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In Nicaragua, Contras and Sandinistas square off

The red and black Sandinista graffiti scrawled on buildings, street lamps and trees in downtown Jinotega makes it seem like this traditionally conservative coffee town has suddenly had a political change of heart. But behind the facade of leftist propaganda, a right-wing rebellion is brewing.

For several months, a group of former contras identified as the Nicaraguan Democratic Force (FDN) has been quietly conspiring against what they call "the second dictatorship of Daniel Ortega."

Group leader Mario Espinoza, who goes by the nom de guerre "Pajarillo," said they are unarmed and that their goals are "peaceful and democratic" -- but that all "depends on the government's attitude."

Espinoza, who already led a rearmed contra group in the 1990s -- the Frente Norte 3-80 -- claims that the FDN is ready to make its presence felt by facing off against the Sandinistas on Saturday during nationwide protest against President Ortega's government.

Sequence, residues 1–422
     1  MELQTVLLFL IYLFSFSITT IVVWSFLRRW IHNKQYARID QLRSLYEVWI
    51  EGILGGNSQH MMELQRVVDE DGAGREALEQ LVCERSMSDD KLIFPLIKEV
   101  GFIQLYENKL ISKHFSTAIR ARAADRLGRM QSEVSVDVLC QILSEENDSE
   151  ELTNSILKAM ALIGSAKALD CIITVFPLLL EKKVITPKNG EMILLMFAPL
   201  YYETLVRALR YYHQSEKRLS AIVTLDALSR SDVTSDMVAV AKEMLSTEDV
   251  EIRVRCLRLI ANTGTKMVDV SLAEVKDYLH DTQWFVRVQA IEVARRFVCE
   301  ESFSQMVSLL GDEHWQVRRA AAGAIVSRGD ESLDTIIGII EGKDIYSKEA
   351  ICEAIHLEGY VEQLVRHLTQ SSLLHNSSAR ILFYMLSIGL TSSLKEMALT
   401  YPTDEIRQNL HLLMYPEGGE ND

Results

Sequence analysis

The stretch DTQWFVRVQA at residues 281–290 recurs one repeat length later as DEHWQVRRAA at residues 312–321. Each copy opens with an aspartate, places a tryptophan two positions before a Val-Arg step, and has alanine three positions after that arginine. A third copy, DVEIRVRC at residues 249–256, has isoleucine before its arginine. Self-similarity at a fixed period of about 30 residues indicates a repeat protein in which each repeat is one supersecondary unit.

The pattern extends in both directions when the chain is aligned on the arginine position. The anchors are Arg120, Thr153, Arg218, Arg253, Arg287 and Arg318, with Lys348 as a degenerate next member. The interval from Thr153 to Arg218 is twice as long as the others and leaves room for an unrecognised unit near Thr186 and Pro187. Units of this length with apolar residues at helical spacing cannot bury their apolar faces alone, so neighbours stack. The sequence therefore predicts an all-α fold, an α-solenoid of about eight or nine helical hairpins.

Unlike other opposition groups, which were forced to flee every time Sandinista mobs attacked protesters on more than 30 occasions over the past year, FDN leaders said they will hold the line.

"This rooster has already been in a fight," Espinoza said of the FDN. "We'll answer a rock for a rock, and we'll see which side backs down first. We are not going to run."

The protest promises to be the largest opposition march of the year. After months of sometimes violent clashes between the Sandinista and its opponents, many fear tensions could erupt into political violence.

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